Yes. If your degree program does not designate specific science courses, you can take any science perspectives courses to fulfill the requirement. Recommended courses for non-majors are found here.
An immersion is a grouping of three courses that promote deeper learning within a subject area or theme. Minors are a minimum of 15 credit hours, and appear on a student’s transcript.
Immersions are part of the new General Education framework, instituted for students who started in fall of 2012. The wide range of choices for sets of courses and their guidelines can be found in the Program Bulletin and are listed here.
Some immersions and concentrations can become minors if the student completes two or more additional courses within the subject area. Because not all immersions and concentrations can become minors, students and advisors should consult the Program Bulletin to learn more about requirements for specific minors. Additionally, not all minors are part of the General Education Curriculum. For example, most courses in business are not General Education, and while students can earn a minor in business, there is no corresponding immersion or concentration.
Additionally, these requirements should be distinguished from program/professional concentrations within a student’s major, which are not part of the general education curriculum.
Liberal Arts concentrations were groups of three courses in a particular subject area, and were part of the former General Education framework for students who entered RIT prior to 2012. These concentrations were limited to courses from the College of Liberal Arts.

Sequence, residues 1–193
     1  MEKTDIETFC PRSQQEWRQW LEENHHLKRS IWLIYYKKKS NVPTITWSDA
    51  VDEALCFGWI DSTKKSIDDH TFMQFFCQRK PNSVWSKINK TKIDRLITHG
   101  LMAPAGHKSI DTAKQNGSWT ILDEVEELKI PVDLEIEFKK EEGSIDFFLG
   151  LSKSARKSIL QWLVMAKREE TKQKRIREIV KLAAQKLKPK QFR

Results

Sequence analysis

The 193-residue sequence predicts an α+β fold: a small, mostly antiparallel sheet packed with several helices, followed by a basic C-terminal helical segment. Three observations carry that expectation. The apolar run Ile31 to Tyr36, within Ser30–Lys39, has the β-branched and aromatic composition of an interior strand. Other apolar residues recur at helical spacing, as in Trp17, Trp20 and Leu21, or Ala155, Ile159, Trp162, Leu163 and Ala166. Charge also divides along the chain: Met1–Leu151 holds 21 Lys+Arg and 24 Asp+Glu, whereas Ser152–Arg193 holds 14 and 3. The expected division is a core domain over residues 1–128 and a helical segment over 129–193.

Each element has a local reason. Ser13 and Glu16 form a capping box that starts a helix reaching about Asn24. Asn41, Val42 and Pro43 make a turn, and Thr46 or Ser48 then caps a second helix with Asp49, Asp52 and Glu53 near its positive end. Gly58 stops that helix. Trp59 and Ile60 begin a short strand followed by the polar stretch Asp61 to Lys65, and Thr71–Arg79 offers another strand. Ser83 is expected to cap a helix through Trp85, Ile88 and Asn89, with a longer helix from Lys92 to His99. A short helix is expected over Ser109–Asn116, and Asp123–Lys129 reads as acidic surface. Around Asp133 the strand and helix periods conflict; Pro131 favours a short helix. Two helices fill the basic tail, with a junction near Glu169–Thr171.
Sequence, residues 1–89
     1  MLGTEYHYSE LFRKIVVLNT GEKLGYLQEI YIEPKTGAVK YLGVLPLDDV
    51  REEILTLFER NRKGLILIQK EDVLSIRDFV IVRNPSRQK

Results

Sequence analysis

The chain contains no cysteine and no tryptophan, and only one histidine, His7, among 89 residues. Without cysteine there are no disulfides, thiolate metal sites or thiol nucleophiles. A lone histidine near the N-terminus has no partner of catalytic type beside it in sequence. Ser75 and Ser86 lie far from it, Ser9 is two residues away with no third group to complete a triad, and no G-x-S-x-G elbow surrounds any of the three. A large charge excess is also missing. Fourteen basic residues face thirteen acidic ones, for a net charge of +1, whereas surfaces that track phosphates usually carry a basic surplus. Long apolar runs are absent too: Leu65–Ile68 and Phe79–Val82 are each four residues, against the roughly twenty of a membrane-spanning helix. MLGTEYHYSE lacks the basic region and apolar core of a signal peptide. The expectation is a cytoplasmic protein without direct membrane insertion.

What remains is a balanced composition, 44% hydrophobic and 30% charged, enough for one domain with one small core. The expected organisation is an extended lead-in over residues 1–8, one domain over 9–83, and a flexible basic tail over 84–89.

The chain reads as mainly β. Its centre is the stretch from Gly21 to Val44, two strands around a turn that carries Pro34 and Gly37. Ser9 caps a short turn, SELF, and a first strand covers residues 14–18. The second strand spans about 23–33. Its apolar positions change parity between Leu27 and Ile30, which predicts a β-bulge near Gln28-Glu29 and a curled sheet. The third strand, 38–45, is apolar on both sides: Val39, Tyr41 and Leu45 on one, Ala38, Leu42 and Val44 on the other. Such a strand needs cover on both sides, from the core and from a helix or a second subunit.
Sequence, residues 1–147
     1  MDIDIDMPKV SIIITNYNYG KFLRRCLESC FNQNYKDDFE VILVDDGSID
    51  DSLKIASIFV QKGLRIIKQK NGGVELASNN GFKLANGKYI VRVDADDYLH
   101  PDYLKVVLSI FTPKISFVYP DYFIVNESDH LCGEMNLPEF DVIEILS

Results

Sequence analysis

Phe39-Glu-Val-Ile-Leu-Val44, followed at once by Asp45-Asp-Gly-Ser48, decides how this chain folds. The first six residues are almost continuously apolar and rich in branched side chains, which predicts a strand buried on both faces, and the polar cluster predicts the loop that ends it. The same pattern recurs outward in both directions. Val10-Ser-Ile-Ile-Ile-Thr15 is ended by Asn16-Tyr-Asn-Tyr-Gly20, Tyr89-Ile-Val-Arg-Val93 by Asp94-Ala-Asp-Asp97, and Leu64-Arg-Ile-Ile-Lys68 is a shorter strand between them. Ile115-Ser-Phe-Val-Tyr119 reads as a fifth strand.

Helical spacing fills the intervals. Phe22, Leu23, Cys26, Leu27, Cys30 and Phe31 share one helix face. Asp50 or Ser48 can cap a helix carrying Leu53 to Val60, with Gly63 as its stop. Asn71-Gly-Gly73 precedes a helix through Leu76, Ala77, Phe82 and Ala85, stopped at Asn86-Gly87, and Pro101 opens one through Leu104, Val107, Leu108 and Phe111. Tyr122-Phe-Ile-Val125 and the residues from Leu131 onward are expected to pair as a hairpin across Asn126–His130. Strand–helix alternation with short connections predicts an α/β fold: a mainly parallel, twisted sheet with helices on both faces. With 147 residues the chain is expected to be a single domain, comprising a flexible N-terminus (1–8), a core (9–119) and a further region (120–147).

All current immersions and accompanying requirements are listed in the Program Bulletin and are also listed here.
Some immersions can become minors with two additional courses. To determine if your immersion can become a minor, please check the Immersions/Minors list.
The program or department that offers the immersion can help with planning an immersion or minor. Additionally, the advising office in the College of Liberal Arts (Liberal Arts Hall 2210) can provide assistance for most immersions and minors. Please see the immersion page for a list of contacts. Students should start planning minors early in their time at RIT to ensure that appropriate courses are available.
No. Some minors are not part of the general education curriculum. For example, most business courses are not general education courses, and so a minor in business would not fulfill an immersion or other general education requirements.
Students should use the concentration form available on the registrar’s website.
Some immersions have restricted enrollments due to small class sizes. Students need a signature from the hosting department in these cases in order to approve the immersion choice. All minors need to be declared and will need signatures. See the registrar’s office webpage for more information.
You will need to discuss the situation with the offering department to determine if an equivalent course could be substituted.
*American Association of Colleges &Universities, The Quality Imperative: Match Ambitious Goals for College Attainment with an Ambitious Vision for Learning